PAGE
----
PVRs and the Democratic National Convention

During the Democratic National Convention, I’m working on a project that requires me to record the five hours of convention coverage each night in a format that can easily be read by computers and transmitted across the Internet. In order to do this, today, I went out and obtained a Pinnacle PCTV HD Ultimate stick.

This is a cool device. It is like an oversized USB Memory stick, with a mini USB port on the side and a coax connection on the end. The software is stored on the stick, and there is about 2 gigabytes of memory on the stick that can be used for recording onto.

There are a few different options for setting this up. The first option was to use an antenna that comes with the device, or connecting up to a rooftop antenna. My first pass was to connect the supplied antenna, but that did not give me any usable signals.

The second option was to use my cable connection. Since I was planning on doing this in my office, I installed a cable splitter just before my cable modem and tried connecting that way. It claimed to have found something like 69 different channels, but I couldn’t get any of them to play. It may be that this is because I was in a rush and didn’t spend enough time trying to figure out how to get it to work.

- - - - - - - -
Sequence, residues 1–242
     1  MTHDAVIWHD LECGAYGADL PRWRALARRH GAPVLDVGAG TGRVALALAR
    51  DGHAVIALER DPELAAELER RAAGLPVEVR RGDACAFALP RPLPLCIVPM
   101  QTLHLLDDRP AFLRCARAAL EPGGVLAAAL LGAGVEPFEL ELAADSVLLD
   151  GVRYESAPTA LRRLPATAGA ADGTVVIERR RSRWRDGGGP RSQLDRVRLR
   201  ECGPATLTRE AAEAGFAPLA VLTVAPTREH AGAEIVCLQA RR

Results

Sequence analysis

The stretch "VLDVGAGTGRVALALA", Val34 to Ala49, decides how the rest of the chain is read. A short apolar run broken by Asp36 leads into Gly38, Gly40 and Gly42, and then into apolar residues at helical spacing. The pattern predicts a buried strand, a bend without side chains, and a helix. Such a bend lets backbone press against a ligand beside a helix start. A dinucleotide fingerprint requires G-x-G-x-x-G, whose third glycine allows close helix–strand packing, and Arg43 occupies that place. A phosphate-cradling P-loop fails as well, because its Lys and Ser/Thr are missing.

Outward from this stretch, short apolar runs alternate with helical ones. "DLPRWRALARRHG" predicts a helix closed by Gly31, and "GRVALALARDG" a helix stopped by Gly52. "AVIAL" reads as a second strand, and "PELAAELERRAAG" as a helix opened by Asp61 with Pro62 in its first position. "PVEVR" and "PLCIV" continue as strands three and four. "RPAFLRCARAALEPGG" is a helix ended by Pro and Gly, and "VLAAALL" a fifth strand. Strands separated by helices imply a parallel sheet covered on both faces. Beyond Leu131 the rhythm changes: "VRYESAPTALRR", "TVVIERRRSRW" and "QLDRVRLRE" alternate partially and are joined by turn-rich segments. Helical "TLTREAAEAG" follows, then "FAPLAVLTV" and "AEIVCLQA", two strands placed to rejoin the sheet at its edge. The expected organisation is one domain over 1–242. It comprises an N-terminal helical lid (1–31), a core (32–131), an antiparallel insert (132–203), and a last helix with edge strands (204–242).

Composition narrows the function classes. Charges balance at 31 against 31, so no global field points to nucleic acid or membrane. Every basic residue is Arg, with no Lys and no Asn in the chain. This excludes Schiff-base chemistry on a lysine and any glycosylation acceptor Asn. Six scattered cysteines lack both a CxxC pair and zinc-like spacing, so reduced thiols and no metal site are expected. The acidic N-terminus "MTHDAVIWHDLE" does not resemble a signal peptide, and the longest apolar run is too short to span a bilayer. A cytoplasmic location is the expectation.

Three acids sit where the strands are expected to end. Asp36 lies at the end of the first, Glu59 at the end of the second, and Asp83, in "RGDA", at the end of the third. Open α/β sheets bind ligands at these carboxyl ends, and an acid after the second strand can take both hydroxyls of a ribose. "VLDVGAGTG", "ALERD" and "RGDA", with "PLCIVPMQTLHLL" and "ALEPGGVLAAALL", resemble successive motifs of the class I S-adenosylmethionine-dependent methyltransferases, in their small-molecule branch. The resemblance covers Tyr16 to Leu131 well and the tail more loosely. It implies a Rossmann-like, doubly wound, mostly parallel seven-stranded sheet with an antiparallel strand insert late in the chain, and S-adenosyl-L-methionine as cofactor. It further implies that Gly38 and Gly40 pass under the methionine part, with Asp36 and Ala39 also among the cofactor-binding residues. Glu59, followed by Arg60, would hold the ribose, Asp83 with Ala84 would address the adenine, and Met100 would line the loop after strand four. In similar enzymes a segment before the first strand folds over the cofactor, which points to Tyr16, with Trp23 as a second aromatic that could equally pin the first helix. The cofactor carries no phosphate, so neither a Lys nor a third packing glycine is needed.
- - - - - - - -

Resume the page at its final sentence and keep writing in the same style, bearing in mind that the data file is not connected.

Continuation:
The third option was to capture from a Cable or Satellite Set-top box using either composite video or S-video. I got the S-video to work, which was a relief. However, I hadn’t figured out the software well enough to figure out how to record off of the S-Video channel. I suppose I could get the Remote to do that for me, but I hadn’t set up the remote.

Hopping back to the first option, I tried taking the channel 3 output from the cable set-top box and feeding it into the PCTV stick. This worked well. However it meant that I needed to watch the same channel on the TV as I was recording on the PC. That is a viable option, but not as good as I was hoping for. I tried shifting around the connection in different places, between the set-top box and the DVD/VHS player, between the DVD/VHS player and the TV. Finally, I found that I could successfully split the cable signal coming into the set-top box and get the analog channels on the PCTV stick. This is the best since it allows me to record on one channel on the PC while watching a different channel on the TV. I also found that I could take the S-Video output from my DVD/VHS player into my memory stick. This will make it easier for me to take some old VHS tapes and digitize them and store them on YouTube, Blip.TV or other sites.